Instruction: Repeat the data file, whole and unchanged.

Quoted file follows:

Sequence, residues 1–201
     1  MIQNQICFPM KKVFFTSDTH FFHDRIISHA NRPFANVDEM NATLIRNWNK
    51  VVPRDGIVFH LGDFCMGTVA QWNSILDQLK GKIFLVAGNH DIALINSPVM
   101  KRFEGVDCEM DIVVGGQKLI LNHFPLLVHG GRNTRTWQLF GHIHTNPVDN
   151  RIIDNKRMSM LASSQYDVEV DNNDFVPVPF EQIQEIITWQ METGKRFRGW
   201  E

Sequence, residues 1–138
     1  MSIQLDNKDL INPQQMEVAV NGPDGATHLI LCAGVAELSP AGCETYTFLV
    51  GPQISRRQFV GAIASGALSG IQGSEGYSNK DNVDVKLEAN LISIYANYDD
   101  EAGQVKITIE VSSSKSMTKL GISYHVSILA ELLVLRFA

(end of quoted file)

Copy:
Sequence, residues 1–201
     1  MIQNQICFPM KKVFFTSDTH FFHDRIISHA NRPFANVDEM NATLIRNWNK
    51  VVPRDGIVFH LGDFCMGTVA QWNSILDQLK GKIFLVAGNH DIALINSPVM
   101  KRFEGVDCEM DIVVGGQKLI LNHFPLLVHG GRNTRTWQLF GHIHTNPVDN
   151  RIIDNKRMSM LASSQYDVEV DNNDFVPVPF EQIQEIITWQ METGKRFRGW
   201  E

Sequence, residues 1–138
     1  MSIQLDNKDL INPQQMEVAV NGPDGATHLI LCAGVAELSP AGCETYTFLV
    51  GPQISRRQFV GAIASGALSG IQGSEGYSNK DNVDVKLEAN LISIYANYDD
   101  EAGQVKITIE VSSSKSMTKL GISYHVSILA ELLVLRFA